The Working Waterfront

More rumination on ‘imperfect love’

Strout’s follow-up to Lucy Barton continues

Tina Cohen
Posted 2017-09-13
Last Modified 2017-09-13

Elizabeth Strout has followed her last novel, My Name is Lucy Barton, with a new book that continues the story. Anything is Possible isn’t only about Lucy and her family, but includes characters we were introduced to previously, and hometown Amgash, Illinois, with its fields of corn and soybeans.

We meet some new characters and discover their connections. Something else unites them beyond their few degrees of separation: tragedy infuses their lives. As if holding X-rays to light to see what we otherwise can’t, Strout focuses not only on their pain but a sense of why, of what underlies the visible damage. Strout has Lucy Barton’s cousin Abel describe it this way: “What puzzled Abel about life was how much one forgot but then lived with anyway—like phantom limbs, he supposed.”

In another book, this subject matter could be a lurid, gossipy recounting of personal troubles, but instead gets treated matter-of-factly, with compassion, as Strout exposes the dark side of adult experience: marital deceptions, voyeurism, status and wealth substituting for emotional capital, and trauma related to war or childhood.

There are a few examples of some success and happiness, hard-earned and savored, as tenuous and short-lived as they may be.

We catch Lucy Barton at her peak as a writer, seeing her in this book on an author’s tour as her memoir is released in paperback. More than a financial success, the book seems to provide empathy. Patty Nicely, a character Strout introduced previously, has found support in Lucy’s story, saying about it now, “It made me feel better, it made me feel much less alone.” Lines of Lucy’s we would have read ourselves are repeated here by Patty, emphasized for the meaning she takes from them, like “we love imperfectly… but it’s OK.” 

Compromises—for example, understanding that love can be imperfect—are the way I think Strout suggests we can move forward in our lives with any kind of hope at all. At its most cynical, this book considers what we substitute for happiness, what we settle for to avoid conscious awareness of pain.

With Charlie Macauley as the narrator, Strout provides his “hit-thumb theory” to explain coping with pain—or rather, the challenge to it.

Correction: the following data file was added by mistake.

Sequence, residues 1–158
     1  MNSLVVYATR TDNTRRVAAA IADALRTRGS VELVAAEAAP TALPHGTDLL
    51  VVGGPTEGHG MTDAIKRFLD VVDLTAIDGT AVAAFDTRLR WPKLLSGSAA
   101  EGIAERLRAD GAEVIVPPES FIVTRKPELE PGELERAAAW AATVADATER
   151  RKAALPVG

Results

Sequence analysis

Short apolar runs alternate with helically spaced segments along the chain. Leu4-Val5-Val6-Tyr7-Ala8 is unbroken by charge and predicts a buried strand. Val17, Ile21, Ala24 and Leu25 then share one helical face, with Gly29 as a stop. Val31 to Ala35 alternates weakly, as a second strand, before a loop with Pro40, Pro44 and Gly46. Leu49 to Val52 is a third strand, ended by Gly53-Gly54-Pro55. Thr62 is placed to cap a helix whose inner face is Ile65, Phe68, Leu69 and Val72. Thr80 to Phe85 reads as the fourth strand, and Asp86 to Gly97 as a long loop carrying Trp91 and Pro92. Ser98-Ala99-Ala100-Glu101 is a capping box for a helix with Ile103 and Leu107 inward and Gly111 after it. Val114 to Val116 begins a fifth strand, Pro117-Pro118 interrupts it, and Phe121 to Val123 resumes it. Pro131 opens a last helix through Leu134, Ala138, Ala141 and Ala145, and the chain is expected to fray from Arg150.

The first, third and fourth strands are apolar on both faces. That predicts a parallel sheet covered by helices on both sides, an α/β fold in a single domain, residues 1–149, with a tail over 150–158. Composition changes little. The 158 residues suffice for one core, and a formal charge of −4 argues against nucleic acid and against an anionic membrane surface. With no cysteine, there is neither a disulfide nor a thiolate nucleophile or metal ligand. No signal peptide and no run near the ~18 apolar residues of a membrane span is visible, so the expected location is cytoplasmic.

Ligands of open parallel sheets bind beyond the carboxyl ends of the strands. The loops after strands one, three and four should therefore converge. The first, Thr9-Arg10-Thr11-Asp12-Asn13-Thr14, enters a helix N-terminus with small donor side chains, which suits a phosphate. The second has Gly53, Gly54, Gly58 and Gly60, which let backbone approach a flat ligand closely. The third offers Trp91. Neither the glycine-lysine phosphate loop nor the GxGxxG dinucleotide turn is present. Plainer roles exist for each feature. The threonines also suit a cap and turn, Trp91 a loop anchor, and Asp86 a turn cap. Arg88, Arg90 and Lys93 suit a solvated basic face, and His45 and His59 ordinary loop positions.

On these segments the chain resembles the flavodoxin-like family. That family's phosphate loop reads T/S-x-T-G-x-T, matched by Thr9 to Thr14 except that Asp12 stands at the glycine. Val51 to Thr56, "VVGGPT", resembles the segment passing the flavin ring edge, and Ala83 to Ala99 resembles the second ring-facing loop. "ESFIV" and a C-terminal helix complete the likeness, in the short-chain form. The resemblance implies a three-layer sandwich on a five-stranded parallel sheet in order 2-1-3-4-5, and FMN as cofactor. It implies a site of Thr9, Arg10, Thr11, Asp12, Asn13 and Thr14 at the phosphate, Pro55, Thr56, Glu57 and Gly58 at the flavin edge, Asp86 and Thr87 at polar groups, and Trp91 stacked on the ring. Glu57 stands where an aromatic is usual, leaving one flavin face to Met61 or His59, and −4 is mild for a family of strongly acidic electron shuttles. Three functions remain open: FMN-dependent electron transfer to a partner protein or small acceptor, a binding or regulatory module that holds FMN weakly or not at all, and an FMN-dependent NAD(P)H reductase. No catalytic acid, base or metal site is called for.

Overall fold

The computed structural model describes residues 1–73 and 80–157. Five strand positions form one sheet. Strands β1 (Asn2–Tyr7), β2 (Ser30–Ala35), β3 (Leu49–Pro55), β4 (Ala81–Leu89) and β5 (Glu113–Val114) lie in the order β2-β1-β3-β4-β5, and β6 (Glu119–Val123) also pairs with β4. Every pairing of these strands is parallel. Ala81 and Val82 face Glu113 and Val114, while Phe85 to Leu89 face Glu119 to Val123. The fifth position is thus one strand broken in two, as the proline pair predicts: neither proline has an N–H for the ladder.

“On his grandfather’s roof as a child one summer, hammering tiles down hard, he’d discovered that if you hammered your thumb by mistake, there was a split second when you thought: Hey, this isn’t so bad, considering how hard I was hit… And then—after that moment of false, bewildered, and grateful relief—came the crash and crush of real pain.”

Those heightened moments, so eloquently and tersely described as “crash and crush,” spare no one in this book. Even Lucy, having gained confidence and recognition for her “voice,” suffers a panic attack when re-immersed in childhood memories during a visit with her siblings in Illinois. We can wonder: was writing, for her, the provision of grateful relief, a temporary distraction from the crush of pain?

One could read this book without having read My Name is Lucy Barton, but to read them in sequence exponentially increases the meaning, and pleasure, of both. Not, I should say, pleasure from prying into people we could dismissively call “screwed up,” but people just like us and those we know, living imperfect lives and hoping for some grateful relief.

Anything is Possible has a wonderfully ambiguous title and provides fodder for pondering its meaning. While applicable in describing the range of human experience, it is also an optimistic expression of hope for the future. The character Lila Lane, daughter of Lucy Barton’s sister (who was supposed to have been named for her) and a high school student with Patty Nicely as her guidance counselor, marks the next generation. She gets support from Patty, after initial scorn. Patty will help her, a smart but angry kid, go off to college. This book doesn’t say education is the best way out in escaping a miserable childhood, but it suggests a source of hope, creating different choices in one’s future.

A story by Strout might, in the future, be hers.

Tina Cohen lives in Massachusetts where she works as a therapist, and summers on Vinalhaven.